The slaying last week of the South African racist reactionary, Eugene Terreblanche, provides an opportunity for another examination of the persistent and peculiar divide between some whites and some blacks in the “new” South Africa of black-majority rule. The Terreblanche murder, which may have had nothing to do with politics, also reminds that the task of reconciliation with the apartheid past — and so much else — is not over in South Africa. In a country with a super-high murder rate, where even a national (black) hero such as Lucky Dube can be massacred for the value of his car, and where hundreds and possibly thousands of white farmers have been murdered in the 15+ years since the end of apartheid, there’s no telling what caused the slaying of Terreblanche since, in South Africa, killing appears to have its own logic, to be its own twisted affirmation of human ambition. But if Terreblanche’s death cannot be analyzed easily, the efforts at reconciliation can indeed be further analyzed, starting with the justly famous if famously flawed Truth and Reconciliation Commission. A good place to begin a review is with Susie Linfield’s superb article, published some 10 years ago, “Trading Truth for Justice.”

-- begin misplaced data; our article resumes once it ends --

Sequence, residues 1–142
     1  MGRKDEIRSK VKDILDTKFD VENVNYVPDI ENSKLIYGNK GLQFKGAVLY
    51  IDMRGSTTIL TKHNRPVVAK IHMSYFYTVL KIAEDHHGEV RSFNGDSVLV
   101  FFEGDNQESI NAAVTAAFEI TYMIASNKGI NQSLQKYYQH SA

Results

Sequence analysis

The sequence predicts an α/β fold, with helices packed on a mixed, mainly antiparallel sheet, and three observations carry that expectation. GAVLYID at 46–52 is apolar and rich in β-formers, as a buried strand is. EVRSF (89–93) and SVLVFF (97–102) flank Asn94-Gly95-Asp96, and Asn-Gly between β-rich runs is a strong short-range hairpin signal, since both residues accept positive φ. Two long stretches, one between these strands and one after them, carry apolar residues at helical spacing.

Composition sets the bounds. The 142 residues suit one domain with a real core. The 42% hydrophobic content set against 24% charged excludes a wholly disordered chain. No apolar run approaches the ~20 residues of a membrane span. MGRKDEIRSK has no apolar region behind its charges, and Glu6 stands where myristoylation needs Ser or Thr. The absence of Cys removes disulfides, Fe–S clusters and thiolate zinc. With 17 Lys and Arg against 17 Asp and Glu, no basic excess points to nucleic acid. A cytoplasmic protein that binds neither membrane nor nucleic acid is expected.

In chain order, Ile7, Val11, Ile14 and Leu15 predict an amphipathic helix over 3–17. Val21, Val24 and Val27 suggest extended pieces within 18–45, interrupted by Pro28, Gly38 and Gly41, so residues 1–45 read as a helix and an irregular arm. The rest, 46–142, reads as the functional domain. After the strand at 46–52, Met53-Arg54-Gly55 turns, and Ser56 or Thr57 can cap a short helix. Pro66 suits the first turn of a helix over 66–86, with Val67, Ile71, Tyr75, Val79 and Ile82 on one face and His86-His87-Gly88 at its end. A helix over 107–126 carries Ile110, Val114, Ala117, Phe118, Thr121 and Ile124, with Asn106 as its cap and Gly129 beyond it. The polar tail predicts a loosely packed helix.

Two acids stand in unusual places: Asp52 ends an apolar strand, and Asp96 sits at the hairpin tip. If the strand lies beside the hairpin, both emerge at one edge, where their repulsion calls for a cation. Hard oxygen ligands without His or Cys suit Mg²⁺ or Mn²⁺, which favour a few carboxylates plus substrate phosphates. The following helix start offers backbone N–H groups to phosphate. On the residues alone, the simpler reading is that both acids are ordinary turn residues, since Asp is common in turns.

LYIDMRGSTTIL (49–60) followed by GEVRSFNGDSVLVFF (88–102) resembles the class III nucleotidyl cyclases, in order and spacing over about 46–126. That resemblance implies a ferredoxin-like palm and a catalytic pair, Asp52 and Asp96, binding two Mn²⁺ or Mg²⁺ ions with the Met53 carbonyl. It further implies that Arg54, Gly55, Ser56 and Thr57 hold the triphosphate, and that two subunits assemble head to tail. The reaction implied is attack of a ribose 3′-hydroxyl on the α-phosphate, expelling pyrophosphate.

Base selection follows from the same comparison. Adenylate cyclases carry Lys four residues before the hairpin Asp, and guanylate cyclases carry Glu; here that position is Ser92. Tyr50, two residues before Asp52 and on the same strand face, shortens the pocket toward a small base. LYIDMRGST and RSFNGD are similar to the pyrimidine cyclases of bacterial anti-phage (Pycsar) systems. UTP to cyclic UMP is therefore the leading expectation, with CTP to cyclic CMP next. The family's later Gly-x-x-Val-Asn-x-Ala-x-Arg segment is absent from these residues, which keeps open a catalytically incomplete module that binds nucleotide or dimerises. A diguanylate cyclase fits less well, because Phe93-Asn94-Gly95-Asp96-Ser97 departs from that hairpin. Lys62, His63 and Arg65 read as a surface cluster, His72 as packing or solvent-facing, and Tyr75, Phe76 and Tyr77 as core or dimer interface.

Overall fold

Much of the energy spent on reflecting about the TRC experience has looked at the relative merits of punishing whites who did really bad things under apartheid, and of compensation blacks who suffered really really badly under the same regime and especially during its dying days. No doubt, the decision by the Mbeki government to issue scant monetary awards to bone fide victims who stood before the TRC was wrong. The awards should have been larger. Some whites meanwhile escaped without any punishment except public rebuke; so did some blacks. To be sure, these people of all colors could have received more negatives than social shame and stigma. Yet I think of the main debate over the TRC as essentially a sideshow. The main show ought to be what to do about racial tension — and worse — in today’s South Africa. That Terreblanche could publicly and openly reconstitute a racist political party says much about the confusion in South Africa between dissent and the impossibility of reclaiming the old forbidden segregationist ideology. Just as in Germany today, any neo-Nazi party is essentially inconceivable (and illegal), so too should be a white supremacist party in South Africa.
Terreblanche did not deserve to die, but he didn’t deserve to lead a political movement either.